Saturday, March 12, 2011

You're not from the South are you?

I was at a denominational committee meeting in Atlanta the other day. During the midst of spirited debate I made a somewhat emphatic point. When I was finished the person sitting to my right (who I had not met before) whispered to me, "You're not from the South are you?" Turns out this person was from New York City and meant it as a simple observation. Still it was oddly bracing. Odd because, well, of course I'm not from the South. Born and raised in the Philadelphia area it's still such a constituent part of who I am. 

This is keenly seen in food and sports. I sneer at the generally tragic (and now almost pandemic) attempts at "Philly Cheesesteak" seen outside of my birth city. Once in Savannah I watched someone slather mayonnaise on a cheesesteak I ordered. When I reflexively objected they told me, "This is how they make them in Philly." They don't.

My devotion to Philadelphia pro sports teams hovers near the genuinely disturbing. During a late season Phillies game at Turner Field in Atlanta I spent the better part of the last five innings taunting the white-bread and zombie-inert Braves fans around me. Of course it helped that the Phils were eight runs ahead. Watching the 2005 Super Bowl on TV I almost had an aneurism screaming at Donovan McNabb while he sleepwalked (and puked) through the Eagles soul-crushing loss to the Patriots.

I just turned 53. Almost 22 of those years have been spent in the South. That's more time than I have lived in Philadelphia. And those 22 years have been in the Deep South - South Carolina, Mississippi, Georgia and now in Alabama. (During our few years in Mississippi I was always baffled when South Carolina's bona fides as "Deep" South were questioned. South Carolina is, hands down, the most passionately and consummately Southern state I've lived in.)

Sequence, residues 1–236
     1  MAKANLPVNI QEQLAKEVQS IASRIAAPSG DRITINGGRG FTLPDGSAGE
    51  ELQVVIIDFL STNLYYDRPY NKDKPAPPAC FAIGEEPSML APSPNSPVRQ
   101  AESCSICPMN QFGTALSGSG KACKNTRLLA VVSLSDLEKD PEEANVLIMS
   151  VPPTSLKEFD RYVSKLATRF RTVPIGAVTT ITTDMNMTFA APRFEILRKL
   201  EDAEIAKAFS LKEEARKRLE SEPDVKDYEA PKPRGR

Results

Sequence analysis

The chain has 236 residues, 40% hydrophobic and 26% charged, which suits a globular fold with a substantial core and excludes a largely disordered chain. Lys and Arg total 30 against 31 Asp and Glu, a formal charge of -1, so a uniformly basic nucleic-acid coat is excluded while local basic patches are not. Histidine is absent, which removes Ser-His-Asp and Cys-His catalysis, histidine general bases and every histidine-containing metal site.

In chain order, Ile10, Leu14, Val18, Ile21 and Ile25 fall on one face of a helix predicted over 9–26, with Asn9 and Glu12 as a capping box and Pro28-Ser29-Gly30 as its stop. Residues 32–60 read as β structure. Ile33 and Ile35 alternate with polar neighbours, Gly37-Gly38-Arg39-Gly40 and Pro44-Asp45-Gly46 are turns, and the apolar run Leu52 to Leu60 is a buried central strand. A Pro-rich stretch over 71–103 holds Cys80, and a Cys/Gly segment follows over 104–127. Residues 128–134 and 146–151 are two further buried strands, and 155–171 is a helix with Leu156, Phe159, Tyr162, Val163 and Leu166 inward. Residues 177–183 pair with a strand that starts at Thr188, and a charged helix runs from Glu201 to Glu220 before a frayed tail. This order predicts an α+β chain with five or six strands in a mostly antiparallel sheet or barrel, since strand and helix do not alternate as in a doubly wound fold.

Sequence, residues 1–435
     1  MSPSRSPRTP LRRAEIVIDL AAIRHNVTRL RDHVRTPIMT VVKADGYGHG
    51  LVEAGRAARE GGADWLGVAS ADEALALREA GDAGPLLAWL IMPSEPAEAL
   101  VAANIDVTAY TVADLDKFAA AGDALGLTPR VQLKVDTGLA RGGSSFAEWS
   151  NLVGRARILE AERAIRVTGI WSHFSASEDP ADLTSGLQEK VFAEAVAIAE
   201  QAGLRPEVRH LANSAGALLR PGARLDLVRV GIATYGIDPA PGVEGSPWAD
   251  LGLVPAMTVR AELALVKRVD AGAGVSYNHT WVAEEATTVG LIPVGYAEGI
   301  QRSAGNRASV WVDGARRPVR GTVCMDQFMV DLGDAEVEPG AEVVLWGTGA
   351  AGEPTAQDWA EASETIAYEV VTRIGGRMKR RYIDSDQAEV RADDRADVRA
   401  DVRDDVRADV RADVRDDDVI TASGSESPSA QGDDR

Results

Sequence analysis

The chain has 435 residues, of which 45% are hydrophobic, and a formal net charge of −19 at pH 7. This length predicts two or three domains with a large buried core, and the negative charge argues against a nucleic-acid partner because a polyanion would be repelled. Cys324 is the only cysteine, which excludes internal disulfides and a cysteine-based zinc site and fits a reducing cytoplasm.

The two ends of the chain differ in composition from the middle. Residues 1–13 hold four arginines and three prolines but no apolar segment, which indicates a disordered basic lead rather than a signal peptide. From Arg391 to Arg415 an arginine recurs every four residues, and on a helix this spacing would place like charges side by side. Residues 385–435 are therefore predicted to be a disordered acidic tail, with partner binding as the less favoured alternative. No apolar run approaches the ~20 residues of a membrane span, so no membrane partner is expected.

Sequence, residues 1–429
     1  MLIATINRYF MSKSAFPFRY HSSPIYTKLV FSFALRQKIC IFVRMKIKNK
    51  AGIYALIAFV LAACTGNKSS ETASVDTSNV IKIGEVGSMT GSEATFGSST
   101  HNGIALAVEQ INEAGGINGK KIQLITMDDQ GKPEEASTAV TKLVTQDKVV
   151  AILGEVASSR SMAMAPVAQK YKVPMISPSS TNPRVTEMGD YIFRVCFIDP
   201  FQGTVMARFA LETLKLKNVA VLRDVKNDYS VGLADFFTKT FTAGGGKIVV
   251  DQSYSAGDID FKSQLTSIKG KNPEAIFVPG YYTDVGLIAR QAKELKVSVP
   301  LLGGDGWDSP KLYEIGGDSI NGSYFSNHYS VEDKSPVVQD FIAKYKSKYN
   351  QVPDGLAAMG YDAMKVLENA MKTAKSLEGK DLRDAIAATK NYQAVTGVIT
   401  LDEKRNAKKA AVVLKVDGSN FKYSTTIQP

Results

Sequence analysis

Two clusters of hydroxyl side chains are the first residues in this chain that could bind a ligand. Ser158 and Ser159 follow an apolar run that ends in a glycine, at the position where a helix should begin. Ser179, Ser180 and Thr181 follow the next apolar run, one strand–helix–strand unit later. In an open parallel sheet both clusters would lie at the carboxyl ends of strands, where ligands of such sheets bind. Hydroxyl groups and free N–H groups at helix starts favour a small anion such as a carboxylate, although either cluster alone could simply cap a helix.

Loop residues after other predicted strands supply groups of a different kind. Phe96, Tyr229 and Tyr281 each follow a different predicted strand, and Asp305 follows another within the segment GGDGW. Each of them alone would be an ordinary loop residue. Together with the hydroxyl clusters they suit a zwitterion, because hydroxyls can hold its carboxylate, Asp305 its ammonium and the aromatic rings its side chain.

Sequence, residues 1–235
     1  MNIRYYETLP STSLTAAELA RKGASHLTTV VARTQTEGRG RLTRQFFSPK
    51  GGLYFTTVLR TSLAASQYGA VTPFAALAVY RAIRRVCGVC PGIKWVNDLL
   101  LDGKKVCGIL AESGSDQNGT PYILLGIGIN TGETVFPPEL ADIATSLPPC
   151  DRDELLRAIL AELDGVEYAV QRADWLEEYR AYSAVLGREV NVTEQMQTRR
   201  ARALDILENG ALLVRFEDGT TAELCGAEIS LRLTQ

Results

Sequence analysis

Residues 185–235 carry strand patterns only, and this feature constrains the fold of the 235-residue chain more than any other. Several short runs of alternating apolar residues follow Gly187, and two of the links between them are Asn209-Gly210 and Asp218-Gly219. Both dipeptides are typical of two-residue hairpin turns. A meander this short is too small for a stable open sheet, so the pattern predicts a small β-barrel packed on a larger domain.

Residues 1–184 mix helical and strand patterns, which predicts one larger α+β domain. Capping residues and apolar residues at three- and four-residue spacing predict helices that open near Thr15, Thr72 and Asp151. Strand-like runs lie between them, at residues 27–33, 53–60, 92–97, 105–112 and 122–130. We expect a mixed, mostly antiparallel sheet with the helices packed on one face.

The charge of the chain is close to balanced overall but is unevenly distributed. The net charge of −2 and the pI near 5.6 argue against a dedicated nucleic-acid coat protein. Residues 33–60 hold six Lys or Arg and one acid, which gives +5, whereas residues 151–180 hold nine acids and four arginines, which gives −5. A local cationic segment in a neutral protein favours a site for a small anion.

My adjustment to the South was not all together smooth. I arrived at the University of South Carolina in the Fall of 1976. Recalling my thought process back then is tenuous but I'm fairly sure I picked the school largely on the strength of a campus visit the previous February. I drove down with a high school friend who was interested in Clemson (and eventually enrolled there). We left Philadelphia in the grip of a grey, late-winter, dirty-snow, chilling-wind malaise. 12 hours on I-95 delivered us to a Pandora-like universe. Sunny, mid-70's, cobalt blue skies, southern coeds. I was sold.

And yes, I really was that shallow.

The first clue of how steep a learning curve I was on came on the first date I had in college. Her name was Emily and she was from Hemingway, SC. I was set up with her by a dorm hall-mate. We went with a group of others to the Skyline Disco (It was 1976. Disco was in its early death throes but still, sadly, alive). Six of us sat at a table near the bar and mercifully far enough away from the dance floor. The drinking age was 18 at the time and I could barely conceal my giddiness at legally ordering alcohol. The first hour or so was a normal level of awkward until the chatter veered to the Civil War. Being the only non-South Carolinian I was at first nonplussed by the intensity and barely masked bitterness of the discussion. I then added my first contribution to the topic: